Nominations have opened for the chair of the Union of Jewish Students. Campaigning began on November 18 and continues for a week before the candidates' road show arrives in Scotland for the first leg of the annual tour.
Canvassing around the major campuses over the years has become innovative, with last year's election featuring sophisticated websites, YouTube videos, interviews and podcasts. This year's election, with more locations than ever before, will be no less hotly contested.
The new road show format has increased participation over the past few years, with more than 700 people voting last year in the election. The 2008 Road Show will visit nine venues over two weeks, culminating in Manchester on December 4.
The chair of the All-Parliamentary Committee Against Antisemitism, John Mann MP, with Yair Zivan, campaigns director of the Union of Jewish Students, tackled contemporary antisemitism on campus this week in a panel discussion at Nottingham University.
Attended by around 65 students, Jewish and non-Jewish, including some prominent members of the Nottingham Palestine Society and the student union executive, the panel offered a challenging discussion over issues of whether anti-Zionism and anti-religious statements should be deemed threatening, alongside boycotts of Israeli goods and prominent Israeli academics.
Dani Orelowitz, of Nottingham University JSoc, said: "For such a large campus, it was very positive for us to be talking about the issues on our own terms, individual to this university." Mr Zivan said: "UJS is determined to continue to lead the fight against antisemitism on campus, and educating people is a key part of that effort. The message was positive around defining what antisemitism is and how all students can tackle it in their own personal way."
What began as a small fundraising event run exclusively for Bristol J-Soc turned into a campus-wide variety show attended by more than 300 students.
Spotlight Darfur, with the help of the student branch of the Aegis Trust - Britain's leading NGO campaigning against genocide - became the society's most successful function.
A range of performing arts' societies attached themselves to the event, which showcased acts such as cabaret and pantomime, live jazz and improvised comedy.
- Gideon Schneider
Nov 20, 2008
Claire circles the room and hones in on the unfamiliar face. She approaches. "I've put you on the list and will be back when I'm finished with my regulars." I'm attending a chemotherapy session at University College Hospital in London. Claire is there to offer patients complementary therapies while the drugs kick in. For anyone sceptical about the benefits, her warm smile is enough to melt all doubts.
"Get your feet out," she says to Jenny, the 29-year-old girl seated next to me in the out-patient ward. Jenny slides off her striped socks to reveal metallic pink toenails. The two women chat about how Jenny - who was recently diagnosed with cervical cancer - has been getting on since last week's chemo session. Claire places the patient's feet - pink toenails and all - in her lap and begins to massage them. Reflexology stimulates blood circulation round the body. But, more importantly, it relaxes Jenny as potent drugs are dripped into her veins.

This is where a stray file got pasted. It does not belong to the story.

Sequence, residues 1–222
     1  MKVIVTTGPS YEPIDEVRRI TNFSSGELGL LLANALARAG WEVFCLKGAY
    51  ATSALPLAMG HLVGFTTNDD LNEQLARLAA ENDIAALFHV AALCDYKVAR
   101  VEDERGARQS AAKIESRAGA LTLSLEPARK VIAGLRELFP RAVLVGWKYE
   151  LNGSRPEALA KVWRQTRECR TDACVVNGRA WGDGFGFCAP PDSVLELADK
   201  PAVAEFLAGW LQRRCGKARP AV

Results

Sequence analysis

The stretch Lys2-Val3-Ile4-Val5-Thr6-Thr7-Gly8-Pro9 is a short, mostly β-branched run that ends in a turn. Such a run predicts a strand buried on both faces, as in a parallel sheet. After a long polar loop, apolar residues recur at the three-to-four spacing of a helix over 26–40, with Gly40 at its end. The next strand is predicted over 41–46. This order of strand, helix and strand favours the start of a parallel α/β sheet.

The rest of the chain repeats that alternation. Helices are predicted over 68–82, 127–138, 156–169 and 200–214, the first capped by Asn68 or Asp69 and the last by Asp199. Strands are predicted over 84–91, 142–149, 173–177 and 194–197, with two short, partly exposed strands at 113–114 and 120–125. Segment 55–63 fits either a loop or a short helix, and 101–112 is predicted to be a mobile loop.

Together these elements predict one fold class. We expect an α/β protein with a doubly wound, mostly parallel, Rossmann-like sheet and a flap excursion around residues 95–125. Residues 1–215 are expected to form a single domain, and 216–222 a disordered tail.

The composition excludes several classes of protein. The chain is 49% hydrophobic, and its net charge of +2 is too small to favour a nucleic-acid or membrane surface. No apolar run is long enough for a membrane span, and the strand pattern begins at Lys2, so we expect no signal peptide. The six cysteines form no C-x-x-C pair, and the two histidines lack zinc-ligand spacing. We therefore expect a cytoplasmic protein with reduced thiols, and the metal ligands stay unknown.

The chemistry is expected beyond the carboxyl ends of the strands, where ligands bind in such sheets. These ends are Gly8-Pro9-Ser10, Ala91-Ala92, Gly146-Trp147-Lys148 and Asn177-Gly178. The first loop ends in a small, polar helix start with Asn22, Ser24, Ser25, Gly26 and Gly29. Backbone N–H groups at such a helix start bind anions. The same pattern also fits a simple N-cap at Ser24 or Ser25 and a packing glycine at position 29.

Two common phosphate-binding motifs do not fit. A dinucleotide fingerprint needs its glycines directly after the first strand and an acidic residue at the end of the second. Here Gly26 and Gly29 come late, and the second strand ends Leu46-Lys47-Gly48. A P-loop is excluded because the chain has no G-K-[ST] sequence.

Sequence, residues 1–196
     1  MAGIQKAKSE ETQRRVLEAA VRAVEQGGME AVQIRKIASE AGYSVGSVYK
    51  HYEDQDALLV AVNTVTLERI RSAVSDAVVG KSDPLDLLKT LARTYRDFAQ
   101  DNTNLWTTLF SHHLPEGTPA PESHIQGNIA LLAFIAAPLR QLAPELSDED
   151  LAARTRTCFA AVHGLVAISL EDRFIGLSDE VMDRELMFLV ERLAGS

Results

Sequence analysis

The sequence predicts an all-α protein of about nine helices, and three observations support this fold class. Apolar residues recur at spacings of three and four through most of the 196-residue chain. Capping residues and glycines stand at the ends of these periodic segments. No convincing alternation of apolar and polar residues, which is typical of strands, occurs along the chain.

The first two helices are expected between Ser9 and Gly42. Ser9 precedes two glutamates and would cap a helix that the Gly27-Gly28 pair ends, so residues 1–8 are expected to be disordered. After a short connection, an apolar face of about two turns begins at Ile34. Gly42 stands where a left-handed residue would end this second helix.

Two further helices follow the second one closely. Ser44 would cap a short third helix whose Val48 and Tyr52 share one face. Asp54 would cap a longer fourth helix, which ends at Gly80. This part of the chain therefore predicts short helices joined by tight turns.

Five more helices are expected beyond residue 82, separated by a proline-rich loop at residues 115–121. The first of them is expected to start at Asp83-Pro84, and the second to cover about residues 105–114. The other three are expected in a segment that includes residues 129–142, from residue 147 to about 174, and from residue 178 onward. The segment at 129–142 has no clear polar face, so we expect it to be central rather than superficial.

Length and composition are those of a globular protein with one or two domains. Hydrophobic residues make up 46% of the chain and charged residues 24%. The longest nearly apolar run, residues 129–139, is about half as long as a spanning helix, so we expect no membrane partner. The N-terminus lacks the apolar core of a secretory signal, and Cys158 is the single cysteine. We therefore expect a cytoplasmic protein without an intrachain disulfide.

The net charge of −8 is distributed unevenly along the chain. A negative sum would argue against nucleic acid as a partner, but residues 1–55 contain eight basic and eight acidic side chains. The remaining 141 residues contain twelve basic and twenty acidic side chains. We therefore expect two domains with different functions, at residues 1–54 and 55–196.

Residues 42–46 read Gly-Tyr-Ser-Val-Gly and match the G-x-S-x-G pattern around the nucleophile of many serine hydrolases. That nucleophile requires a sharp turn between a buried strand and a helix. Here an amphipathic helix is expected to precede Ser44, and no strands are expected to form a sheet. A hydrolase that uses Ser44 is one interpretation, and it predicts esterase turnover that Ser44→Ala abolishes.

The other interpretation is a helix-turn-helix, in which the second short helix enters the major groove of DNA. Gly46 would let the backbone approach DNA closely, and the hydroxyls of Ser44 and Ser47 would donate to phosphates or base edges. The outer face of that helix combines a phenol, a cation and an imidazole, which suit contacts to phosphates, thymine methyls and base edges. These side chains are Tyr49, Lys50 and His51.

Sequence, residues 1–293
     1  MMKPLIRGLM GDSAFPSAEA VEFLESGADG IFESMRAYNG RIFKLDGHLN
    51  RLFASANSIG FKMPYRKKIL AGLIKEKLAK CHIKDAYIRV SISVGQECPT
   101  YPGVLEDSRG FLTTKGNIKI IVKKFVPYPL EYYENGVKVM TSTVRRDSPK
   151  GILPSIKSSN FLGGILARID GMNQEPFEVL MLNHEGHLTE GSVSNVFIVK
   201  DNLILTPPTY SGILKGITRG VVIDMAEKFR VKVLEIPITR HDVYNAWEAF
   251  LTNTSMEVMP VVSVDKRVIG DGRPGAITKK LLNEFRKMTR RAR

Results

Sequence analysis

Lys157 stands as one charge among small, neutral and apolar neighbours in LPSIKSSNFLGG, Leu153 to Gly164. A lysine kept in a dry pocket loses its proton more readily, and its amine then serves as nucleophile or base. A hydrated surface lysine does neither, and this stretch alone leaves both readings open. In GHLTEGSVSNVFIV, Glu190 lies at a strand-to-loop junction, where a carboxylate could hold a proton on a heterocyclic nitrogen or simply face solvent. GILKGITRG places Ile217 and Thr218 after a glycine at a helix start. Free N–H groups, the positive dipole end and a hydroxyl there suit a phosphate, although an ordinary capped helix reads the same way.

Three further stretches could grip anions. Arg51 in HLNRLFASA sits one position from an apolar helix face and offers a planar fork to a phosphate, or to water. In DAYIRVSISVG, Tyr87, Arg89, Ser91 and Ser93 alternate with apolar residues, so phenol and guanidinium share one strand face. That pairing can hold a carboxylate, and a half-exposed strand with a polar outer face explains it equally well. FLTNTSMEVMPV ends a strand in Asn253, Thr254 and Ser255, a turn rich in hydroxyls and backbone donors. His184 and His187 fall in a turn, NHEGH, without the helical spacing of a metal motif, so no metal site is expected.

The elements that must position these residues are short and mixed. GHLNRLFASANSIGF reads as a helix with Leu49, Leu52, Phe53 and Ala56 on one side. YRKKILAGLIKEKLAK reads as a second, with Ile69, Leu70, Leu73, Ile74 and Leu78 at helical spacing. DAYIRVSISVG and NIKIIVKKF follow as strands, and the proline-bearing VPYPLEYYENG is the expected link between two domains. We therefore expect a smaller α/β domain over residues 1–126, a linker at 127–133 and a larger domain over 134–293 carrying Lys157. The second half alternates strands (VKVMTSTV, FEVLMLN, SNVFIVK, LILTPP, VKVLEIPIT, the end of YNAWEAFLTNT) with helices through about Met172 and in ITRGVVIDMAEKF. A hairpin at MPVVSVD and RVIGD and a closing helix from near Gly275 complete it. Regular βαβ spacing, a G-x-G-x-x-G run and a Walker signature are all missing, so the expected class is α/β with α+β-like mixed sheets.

As I offer Jenny a Rolo, she tells me that the hardest thing about her diagnosis was realising that she won't be able to carry a baby. She delayed addressing her cancer in order to undergo IVF treatment to store her eggs. Her mum, engrossed in the Times crossword puzzle, has been by her side throughout all her hospital visits. Jenny has also been amazed by how supportive her boyfriend of four months has been. She's relieved that the side-effects haven't been as terrifying as she feared.
- Gideon Schneider
Nov 13, 2008
The timing of the US election couldn't have been more perfect. As all those reheated Amy Winehouse exposes dried up, my thirst for drama needed quenching. Headlines such as ‘Dizzy Broad Runs For Camden Pub' were replaced by the more compelling ‘Dizzy Broad Runs For White House'. For me, Sarah Palin's achievements as well as those of her victorious nemesis, confirmed the mantra that in America you can achieve anything. The trouble is, when anything is achievable, how do you know when you've achieved enough? My cancer helped me find an answer.
Growing up in NW London, life's key objective was keeping up with the Jones-ovitzes. Other people's expectations of me reflected this. At twelve it was casually assumed by all that I should give up an hour of every evening, for one whole year, to learning the entire Torah portion for my barmitzvah. Decent grades were anticipated for GCSEs and A-levels; and as for university attendance, in the suburbs that wasn't expected - that was a given.
Now the expectations feel weightier than ever. There's a list of boxes to tick: marriage, kids, career, car, counselling. For now though, that to-do list remains mostly unticked and my suspicion is, it doesn't even end there. If I do ever have children I'm sure I'll be expected to expect things from them too.
- Simon Friend
Nov 13, 2008
Two British students went to Brussels this week as delegates of UJS for the commemoration of the 70th anniversary of Kristallnacht. Aaron Kienwald, president of London J-Socs; and Aaron Collins, of Bristol University Jewish Society, joined 20 other members of the European Union of Jewish Students (EUJS) at a service which filled the Brussels Great Synagogue.
The two-day introduction to the "Year of Tolerance", an initiative created under the auspices of former Polish Prime Minister Aleksander Kwasniewski, was attended by several hundred political and Jewish leaders from across Europe, members of the European Parliament, diplomats, and other dignitaries, as well as survivors of the Holocaust, and was the first of its kind on a European level.